The remarkable Skeeter Swift, an Alexandria basketball legend

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They call him the Sultan of Swish in Tennessee.
Growing up they called him Skeeter.
Today, hes the Legend of Alexandria. 
Hes earned the titles.

Harley Skeeter Swift grew up on the streets of Alexandria.  At about 10, before he had a two-wheel bicycle, he pulled a little red wagon up and down Washington, King and especially Lee streets, a little tyke going from pillar to post.  He always had a basketball.

Skeeter Swifts remarkable career is being recalled in a biography Im writing. Its called, Skeeter: The Legend of Alexandria. Ive researched his life extensively, interviewed many of his high school friends and companions, who today are leaders of the community.  Weve prepared a 15-chapter book.

Ive known Skeeter for many years.  He is a living legend of his hometown, in Tennessee, his adopted state, and throughout high school, collegiate and professional sports circles.  His story is a remarkable one. 

Swift fell in love with basketball as a mere boy. He literally dribbled the ball everywhere he walked in Old Town. The remarkable thing is his basketball prowess began on a cobblestone alley, Swift Alley, next to Burke and Herbert Bank on Fairfax Street. Every day for three or four hours Id dribble, dribble and dribble on cobblestone. 

The alley is not named for Skeeter, even though it should be. Its named after his parents, who operated a popular saloon at the time.

Although he still has family living in the Alexandria area, the 62-year-old now lives in Kingsport, Tenn. He has enjoyed a stellar athletic career as a player and as an outstanding high school and collegiate coach.

Rain or shine, Id just practice and practice, Swift recalled. I learned what to expect from the ball when I tried to dribble on a cobblestone.  Then Id dribble as I pulled my wagon.  I loved basketball.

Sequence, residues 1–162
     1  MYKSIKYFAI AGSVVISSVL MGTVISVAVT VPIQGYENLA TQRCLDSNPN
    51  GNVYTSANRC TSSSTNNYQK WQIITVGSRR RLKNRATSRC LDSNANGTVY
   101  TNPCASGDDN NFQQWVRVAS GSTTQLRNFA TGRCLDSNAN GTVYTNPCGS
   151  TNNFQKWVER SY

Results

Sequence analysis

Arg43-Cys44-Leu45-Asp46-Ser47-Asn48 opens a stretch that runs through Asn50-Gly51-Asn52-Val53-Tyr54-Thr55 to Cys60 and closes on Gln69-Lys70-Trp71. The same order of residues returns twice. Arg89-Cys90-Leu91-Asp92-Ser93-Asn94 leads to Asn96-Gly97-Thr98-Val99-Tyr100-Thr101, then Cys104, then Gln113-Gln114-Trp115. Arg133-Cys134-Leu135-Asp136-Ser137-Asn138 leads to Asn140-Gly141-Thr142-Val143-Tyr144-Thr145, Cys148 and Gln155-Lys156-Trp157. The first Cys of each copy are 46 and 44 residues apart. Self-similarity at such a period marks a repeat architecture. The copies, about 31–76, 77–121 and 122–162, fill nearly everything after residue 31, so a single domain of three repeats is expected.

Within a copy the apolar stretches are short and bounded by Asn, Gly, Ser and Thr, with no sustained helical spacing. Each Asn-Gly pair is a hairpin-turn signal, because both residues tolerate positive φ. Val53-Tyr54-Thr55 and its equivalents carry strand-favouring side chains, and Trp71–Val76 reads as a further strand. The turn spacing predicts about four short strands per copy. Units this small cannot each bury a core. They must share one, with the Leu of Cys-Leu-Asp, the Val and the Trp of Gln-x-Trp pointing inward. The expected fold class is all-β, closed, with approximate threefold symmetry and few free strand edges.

A few years later, after Skeeter received a bicycle as a Christmas present, this growing, hulking boy with the ball in the basket was a familiar sight in Old Town.  He wiled away his days, all year around and in all kinds of weather, at the Lee Street playground, shooting and dribbling. 

I developed a dead-eye, jump-shooting all over the court. Nobody could beat me. I could shoot the ball. He honed his skills so well that he earned extra money from young basketball players from all over northern Virginia, Greater Washington and in Prince Georges County. They all wanted to test me. I always won.  As someone said, It aint braggin if you can do it.

As a teenager he grew to 6’3″ and could play basketball better than most.  He was not the big center on the team but a guard a 200-plus pound guard and he could shoot.

Skeeter Swift put George Washington High School, now a middle school, on the sports map of Virginia and Greater Washington. Many old-time Alexandrians still remember the 1965 high school football game when he drop kicked a field goal and George Washington High School defeated Annandale.  Few people had ever seen a drop kicked field goal, which is still legal today. Most recall his legendary performances on the basketball court at Tulloch Memorial Gym of George Washington High School in the early 1960s. 

Although he was aggressively recruited by Virginia colleges, he chose East Tennessee State University because of a full scholarship. (When he was first recruited by ETSU, the coach thought he was a football player because of his size.) I wasnt a very good student then, but I learned, he said.

And learn he did.  Skeeter could dribble and shoot and showoff,” not only a great player, but also an outstanding entertainer. “I had to be a showman, he said. I had to be at East Tennessee.  For the first time in the schools history, we filled the gym with fans. 

Skeeter didnt let the fans down. The three-time All-Ohio Valley Conference player at East Tennessee State and the Player of the Year in 1968 was elected to the ETSU Hall of Fame in 1982.

Hes in many Halls of Fame and has been honored by numerous groups in Virginia, including the Alexandria Sports Club. 

Skeeter Swift skill on the basketball court put East Tennessee State University on the national map. He went on to become a star in professional basketball, scoring more than 3,000 points in his career. Today he ranks as one of the top 10 free-throw shooters in the American Basketball Association, now the National Basketball Association.

He has been an outstanding coach, teacher and speaker. As a coach at Oak Hill Academy, he won a national championship.

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